Monday, July 16, 2012

Honoring our elderly

Dedicated with love to my Grams and Gramps 

Today I stumbled upon this poem. It is my understanding that it has been making the rounds on the web inspiring many along the way mostly as 'anonymous'. Be it truth or not it is now being said that it came from a grandfather who passed away in a geriatic facility in Australia. No matter the source it is a poem that could have come from many and the message deserves to be passed on in the world.

Cranky Old Man.....
What do you see nurses? . . .. . .What do you see?
What are you thinking .. . when you're looking at me?
A cranky old man, . . . . . .not very wise,
Uncertain of habit .. . . . . . . .. with faraway eyes?
Who dribbles his food .. . ... . . and makes no reply.
When you say in a loud voice . .'I do wish you'd try!'
Who seems not to notice . . .the things that you do.
And forever is losing . . . . . .. . . A sock or shoe?
Who, resisting or not . . . ... lets you do as you will,
With bathing and feeding . . . .The long day to fill?
Is that what you're thinking?. .Is that what you see?
Then open your eyes, nurse .you're not looking at me.
I'll tell you who I am . . . . .. As I sit here so still,
As I do at your bidding, .. . . . as I eat at your will.
I'm a small child of Ten . .with a father and mother,
Brothers and sisters .. . . .. . who love one another
A young boy of Sixteen . . . .. with wings on his feet
Dreaming that soon now . . .. . . a lover he'll meet.
A groom soon at Twenty . . . heart gives a leap.
Remembering, the vows .. .. .that I promised to keep.
At Twenty-Five, now . . . . .I have young of my own.
Who need me to guide . . . And a secure happy home.
A man of Thirty . .. . . . . My young now grown fast,
Bound to each other . . .. With ties that should last.
At Forty, my young sons .. .have grown and are gone,
But my woman is beside me . . to see I don't mourn.
At Fifty, once more, .. ...Babies play 'round my knee,
Again, we know children . . . . My loved one and me.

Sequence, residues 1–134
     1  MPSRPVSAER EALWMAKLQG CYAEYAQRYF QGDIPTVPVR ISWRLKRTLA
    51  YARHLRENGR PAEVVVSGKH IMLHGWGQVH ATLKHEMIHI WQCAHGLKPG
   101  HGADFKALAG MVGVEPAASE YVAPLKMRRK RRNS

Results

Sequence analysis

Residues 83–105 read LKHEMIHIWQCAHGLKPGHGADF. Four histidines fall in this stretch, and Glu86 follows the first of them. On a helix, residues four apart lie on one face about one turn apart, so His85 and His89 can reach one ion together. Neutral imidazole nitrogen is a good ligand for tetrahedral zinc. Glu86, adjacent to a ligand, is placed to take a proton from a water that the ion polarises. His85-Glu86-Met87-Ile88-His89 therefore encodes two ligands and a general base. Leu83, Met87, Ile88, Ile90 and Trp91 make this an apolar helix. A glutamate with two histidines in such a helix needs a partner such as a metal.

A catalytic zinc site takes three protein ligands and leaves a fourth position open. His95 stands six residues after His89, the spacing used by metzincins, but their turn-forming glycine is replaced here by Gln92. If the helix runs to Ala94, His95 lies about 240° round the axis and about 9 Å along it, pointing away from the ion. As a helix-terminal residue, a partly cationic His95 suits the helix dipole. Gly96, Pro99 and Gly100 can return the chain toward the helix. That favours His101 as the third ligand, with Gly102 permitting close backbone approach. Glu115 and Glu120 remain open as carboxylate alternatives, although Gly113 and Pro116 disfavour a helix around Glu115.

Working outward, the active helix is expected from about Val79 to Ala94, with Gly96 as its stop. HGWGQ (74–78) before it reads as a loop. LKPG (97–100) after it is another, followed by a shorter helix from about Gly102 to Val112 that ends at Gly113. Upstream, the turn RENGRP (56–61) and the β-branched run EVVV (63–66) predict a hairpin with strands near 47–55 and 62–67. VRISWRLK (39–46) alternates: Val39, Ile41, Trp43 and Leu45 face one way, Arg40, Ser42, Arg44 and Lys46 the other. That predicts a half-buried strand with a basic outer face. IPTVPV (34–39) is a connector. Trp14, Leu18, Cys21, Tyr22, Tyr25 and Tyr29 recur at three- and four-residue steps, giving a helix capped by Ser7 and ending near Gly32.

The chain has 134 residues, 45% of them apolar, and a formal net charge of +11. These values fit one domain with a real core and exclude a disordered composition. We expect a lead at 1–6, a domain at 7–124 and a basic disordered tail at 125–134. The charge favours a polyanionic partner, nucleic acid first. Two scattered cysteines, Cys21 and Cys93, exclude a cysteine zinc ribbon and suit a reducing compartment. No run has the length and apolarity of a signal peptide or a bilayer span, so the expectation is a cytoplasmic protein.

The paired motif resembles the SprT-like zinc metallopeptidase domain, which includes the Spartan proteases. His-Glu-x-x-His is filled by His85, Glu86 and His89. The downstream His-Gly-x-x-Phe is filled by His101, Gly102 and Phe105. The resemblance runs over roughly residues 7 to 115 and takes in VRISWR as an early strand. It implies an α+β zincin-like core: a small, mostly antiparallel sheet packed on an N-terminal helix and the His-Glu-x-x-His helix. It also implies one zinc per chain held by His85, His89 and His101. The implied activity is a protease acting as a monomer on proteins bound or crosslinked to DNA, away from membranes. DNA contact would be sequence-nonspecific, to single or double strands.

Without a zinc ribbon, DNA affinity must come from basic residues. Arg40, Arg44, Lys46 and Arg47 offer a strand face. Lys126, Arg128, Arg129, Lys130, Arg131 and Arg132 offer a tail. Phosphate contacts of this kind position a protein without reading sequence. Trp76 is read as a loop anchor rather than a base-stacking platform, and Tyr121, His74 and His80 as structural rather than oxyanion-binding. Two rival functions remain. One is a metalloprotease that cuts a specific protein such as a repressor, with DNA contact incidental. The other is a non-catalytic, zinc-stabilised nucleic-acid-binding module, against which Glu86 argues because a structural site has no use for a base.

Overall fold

Dark days are upon me . . . . My wife is now dead.
I look at the future ... . . . . I shudder with dread.
For my young are all rearing .. . . young of their own.
And I think of the years . . . And the love that I've known.
I'm now an old man . . . . . . .. and nature is cruel.
It's jest to make old age . . . . . . . look like a fool.
The body, it crumbles .. .. . grace and vigour, depart.
There is now a stone . . . where I once had a heart.
But inside this old carcass . A young man still dwells,
And now and again . . . . . my battered heart swells
I remember the joys . . . . .. . I remember the pain.
And I'm loving and living . . . . . . . life over again.
I think of the years, all too few . . .. gone too fast.
And accept the stark fact . . . that nothing can last.
So open your eyes, people .. . . . .. . . open and see.
Not a cranky old man .
Look closer . . . . see .. .. . .. .... . ME!!

 Since I was a small child I have always been told to respect my elders and I have. Taking things a bit further by calling them grandma's and grandpa's.

Memories of my own grandpa always make my heart happy. He is a man whose love for the outdoors rubbed off on me. I spend many a weekend with him and grandma as a child and, he never neglected to take time out of his busy schedual to teach me something, or share something with me. he gave me this rock with lots of cube shaped gold colored pieces in it. One of my special treasures. Though he is not in this realm anymore I know he is with me all the same. Especially when I need that hug.

Grandma, likewise, has been that amazing presence in my life. Some of my fondest memories were of her and I in the kitchen making cookies,  and tortillas. The gingerbread man cookie cutter was pulled out for me to make tortilla men. It always made me feel so special. She would always make me milk gravy as well a big bowl of it that I loved to eat with the warm tortillas. Ahhh.. comfort food.

When I spend time with my grams now I am bursting with excitement bubbles seeing her smile and laugh. I know I will always make her smile and laugh. I am glad she appreciates my humor.

She shares stories of our family that I hold in my heart so that I some day can tell them to the younger ones. One of my favorite stories is of my great grandpa, who at times would talk in Apache, and his sister who felt so connected to this side of our heritage that she wore tradtional Apache clothing. There is also a story of how she saved the babies from drowing. The men sat at the side of the water taking off their boots and she jumped in clothes, shoes and all. Again excitement bubbles!

Introspectively I look at self. No matter my age I still feel like me. not a number. What matters to me matters always. As I get older I will find those young ones who want to listen to my stories and I will share them with the fire in my eyes that is me... and they will never see me as a number. And maybe just maybe they will be filled with excitement bubbles at my stories too!

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